Which Gospel Was Written First and Last? Exploring the Timeline
Disclaimer: The views and opinions expressed in this article belong to the author and do not necessarily match my own. - Dr. Bart D. Ehrman
Which of the gospels was written first and last? Exploring early Christian history provides an exciting opportunity to study the order in which the Gospels are written.
From my sophomore year onward, I’ve been captivated by the challenge of unraveling literary connections and unearthing the origins of Christianity.
I recommend joining a free 50-minute webinar with Bart Ehrman for those intrigued by these fascinating issues. This unique opportunity enables you to delve deeper into the resources that shape our understanding of early Christianity. Just click the link above.
Seeing Mark, Matthew, and Luke Together: A Synoptic problem
To determine the order of the Gospels, it is necessary to investigate their relationship more thoroughly. Mark, Matthew, and Luke are known as the synoptic Gospels because they share many similarities, unlike the Gospel of John. This is a view widely held by scholars.
Firstly, they tell many of the same stories (Jesus’s temptations, exorcisms, his prayer in Gethsemane, etc.). Almost every story in Mark is also found in Matthew or Luke. As E.P. Sanders and M. Davies note: “With regard to substance, about 90% of Mark is also found in Matthew and more than 50% also in Luke… In periscopes which are in common, verbatim agreement varies, but on average is about 50%.”
Additionally, synoptics may even convey the same narrative using identical wording. In Jesus: Apocalyptic Prophet of the New Millennium, Bart notes that, unlike the Gospel of John, Synoptics “tell so many of the same stories, sometimes word for word the same.”
A case in point is the feeding of five thousand – depicted in the table below.
Similarities in the Synoptic Gospels
Mark 6, 35-37
Matthew 14, 15-16
Luke 9, 12-13
By this time, it was late in the day, so his
As evening approached, the
Late in the afternoon the Twelve
disciples came to him. “This is a remote place,” they said, “and it’s already
came to him and said, “This is a remote place, and it’s already getting late.
came to him and said,
Send the people away so that they can go to the surrounding countryside
Send the crowds away, so they can go to the villages and buy themselves some food.
“Send the crowd away so they can go to the surrounding villages and countryside and find food and lodging, because we are in a remote place here.”
But he answered, “You give
Jesus replied, “They do not
He replied, “You give them something to eat.”
Scholars Concur: Matthew, Mark & Luke Copied From One Another
As you can see, there are many similarities.
This story is intriguing because it appears in both the Synoptics and the Gospel of John. However, unlike the Synoptics, John (6, 1-14) tells the story differently. You can read K. Aland’s, The Synopsis of the Four Gospels to explore other examples of agreements and differences.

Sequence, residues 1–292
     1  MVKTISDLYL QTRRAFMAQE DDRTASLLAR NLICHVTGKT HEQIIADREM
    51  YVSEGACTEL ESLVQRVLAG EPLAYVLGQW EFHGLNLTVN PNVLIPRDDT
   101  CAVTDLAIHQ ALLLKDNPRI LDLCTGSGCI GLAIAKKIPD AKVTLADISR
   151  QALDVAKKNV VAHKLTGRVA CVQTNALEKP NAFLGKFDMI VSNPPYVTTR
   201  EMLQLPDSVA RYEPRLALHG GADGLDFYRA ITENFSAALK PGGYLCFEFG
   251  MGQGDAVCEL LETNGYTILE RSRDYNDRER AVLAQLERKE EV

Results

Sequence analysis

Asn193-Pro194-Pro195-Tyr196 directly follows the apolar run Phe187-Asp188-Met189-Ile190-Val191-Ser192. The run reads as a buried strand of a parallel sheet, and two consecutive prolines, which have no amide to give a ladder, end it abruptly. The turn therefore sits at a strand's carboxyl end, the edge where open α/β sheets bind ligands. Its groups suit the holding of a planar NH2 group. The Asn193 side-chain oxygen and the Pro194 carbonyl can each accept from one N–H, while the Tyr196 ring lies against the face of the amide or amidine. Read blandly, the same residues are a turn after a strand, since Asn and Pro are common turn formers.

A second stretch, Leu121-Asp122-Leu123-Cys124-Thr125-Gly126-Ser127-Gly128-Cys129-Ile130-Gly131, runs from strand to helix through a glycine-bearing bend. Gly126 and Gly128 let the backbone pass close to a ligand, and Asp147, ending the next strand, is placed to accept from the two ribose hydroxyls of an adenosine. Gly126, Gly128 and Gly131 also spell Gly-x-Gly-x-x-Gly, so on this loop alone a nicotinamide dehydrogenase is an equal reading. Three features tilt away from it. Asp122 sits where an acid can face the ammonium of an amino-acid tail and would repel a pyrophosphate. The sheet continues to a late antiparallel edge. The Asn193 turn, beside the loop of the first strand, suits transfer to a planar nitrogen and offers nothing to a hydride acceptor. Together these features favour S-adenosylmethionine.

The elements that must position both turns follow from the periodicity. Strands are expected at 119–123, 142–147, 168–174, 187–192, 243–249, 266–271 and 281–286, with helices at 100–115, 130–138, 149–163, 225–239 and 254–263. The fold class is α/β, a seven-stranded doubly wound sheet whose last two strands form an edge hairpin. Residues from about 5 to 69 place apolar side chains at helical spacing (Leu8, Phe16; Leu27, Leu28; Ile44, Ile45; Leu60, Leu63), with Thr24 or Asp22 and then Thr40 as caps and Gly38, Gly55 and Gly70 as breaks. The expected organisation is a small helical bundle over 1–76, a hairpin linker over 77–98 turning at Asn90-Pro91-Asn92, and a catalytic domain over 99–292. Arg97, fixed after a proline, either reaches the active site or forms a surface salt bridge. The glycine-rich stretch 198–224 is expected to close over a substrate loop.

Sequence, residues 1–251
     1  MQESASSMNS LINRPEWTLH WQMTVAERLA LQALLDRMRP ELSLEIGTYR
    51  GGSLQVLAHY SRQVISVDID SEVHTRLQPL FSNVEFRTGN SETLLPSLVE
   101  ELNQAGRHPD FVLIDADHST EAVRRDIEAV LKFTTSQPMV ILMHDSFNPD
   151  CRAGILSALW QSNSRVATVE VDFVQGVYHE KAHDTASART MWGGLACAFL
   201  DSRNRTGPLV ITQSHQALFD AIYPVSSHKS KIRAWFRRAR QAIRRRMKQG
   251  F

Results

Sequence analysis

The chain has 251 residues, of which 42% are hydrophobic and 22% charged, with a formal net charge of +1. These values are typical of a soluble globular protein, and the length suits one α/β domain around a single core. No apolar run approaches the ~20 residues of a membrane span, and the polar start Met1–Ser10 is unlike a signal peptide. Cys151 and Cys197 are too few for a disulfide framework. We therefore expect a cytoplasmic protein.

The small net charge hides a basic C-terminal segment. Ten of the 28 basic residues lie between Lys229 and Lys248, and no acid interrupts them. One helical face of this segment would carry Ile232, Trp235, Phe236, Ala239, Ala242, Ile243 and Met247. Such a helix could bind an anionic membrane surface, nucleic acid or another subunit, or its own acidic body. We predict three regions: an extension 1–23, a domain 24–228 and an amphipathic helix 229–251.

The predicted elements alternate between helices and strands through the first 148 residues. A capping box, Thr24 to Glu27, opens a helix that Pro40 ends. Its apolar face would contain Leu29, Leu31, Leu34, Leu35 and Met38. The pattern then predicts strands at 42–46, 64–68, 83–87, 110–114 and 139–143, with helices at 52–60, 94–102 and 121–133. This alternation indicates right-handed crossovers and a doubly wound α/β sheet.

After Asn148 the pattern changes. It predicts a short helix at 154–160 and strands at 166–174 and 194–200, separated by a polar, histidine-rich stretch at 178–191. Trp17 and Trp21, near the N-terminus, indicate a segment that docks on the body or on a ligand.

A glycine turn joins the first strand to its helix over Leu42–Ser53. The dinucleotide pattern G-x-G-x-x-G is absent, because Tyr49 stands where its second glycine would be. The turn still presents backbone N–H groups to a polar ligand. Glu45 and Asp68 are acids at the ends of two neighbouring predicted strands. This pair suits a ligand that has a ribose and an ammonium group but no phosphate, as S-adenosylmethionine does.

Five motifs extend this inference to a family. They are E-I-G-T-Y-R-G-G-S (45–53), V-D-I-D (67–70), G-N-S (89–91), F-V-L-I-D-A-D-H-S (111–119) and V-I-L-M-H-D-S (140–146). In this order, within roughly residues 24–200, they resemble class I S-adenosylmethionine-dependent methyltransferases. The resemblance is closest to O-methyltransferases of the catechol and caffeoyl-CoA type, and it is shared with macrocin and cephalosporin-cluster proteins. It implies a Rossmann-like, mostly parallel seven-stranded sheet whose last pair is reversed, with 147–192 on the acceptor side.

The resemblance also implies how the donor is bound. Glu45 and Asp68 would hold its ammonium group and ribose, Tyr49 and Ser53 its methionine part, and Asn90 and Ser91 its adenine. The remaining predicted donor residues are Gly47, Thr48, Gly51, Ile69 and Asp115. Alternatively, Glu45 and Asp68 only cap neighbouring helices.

Notably, the agreements among the Synoptics are even more remarkable when we consider that Jesus spoke Aramaic while the Gospels are written in Greek. Consequently, virtually all scholars concur that Mark, Matthew, and Luke copied from one another!
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Did Matthew, Mark, Luke, and John Actually Write Matthew, Mark, Luke, and John?
The New Testament Gospels are anonymous. So why did early Christians say they were written by Matthew, Mark, Luke, and John? And what's the evidence that they actually did?
Which Gospel Was Written First: The Search for Answers
The widely accepted theory, as emphasized in H. Bond’s book “Historical Jesus: A Guide for the Perplexed,” suggests that the Gospel of Mark was the initial Gospel to be written.
I have two supporting arguments for this theory and include a thought experiment to help readers relate to the process of creating the Gospel of Mark.
Mark Was the First Gospel - Argument 1
The Redaction Profile of Mark’s Gospel
Based on everything we know about synoptic Gospels, it is easier to postulate that Matthew and Luke had a copy of Mark while writing their narratives about the life of Jesus.
Scholars call this line of evidence an argument from Mark’s redaction profile. Redaction means the author’s changes to their source while composing a new story version.
It is contradictory to suggest that Mark wrote after Matthew and Luke, as the redaction profile of his Gospel implies otherwise.
Take a Walk in Mark's Shoes - A Thought Experiment
Let’s engage in a hypothetical thought experiment that promises to be enjoyable! Imagine yourself in Mark’s shoes.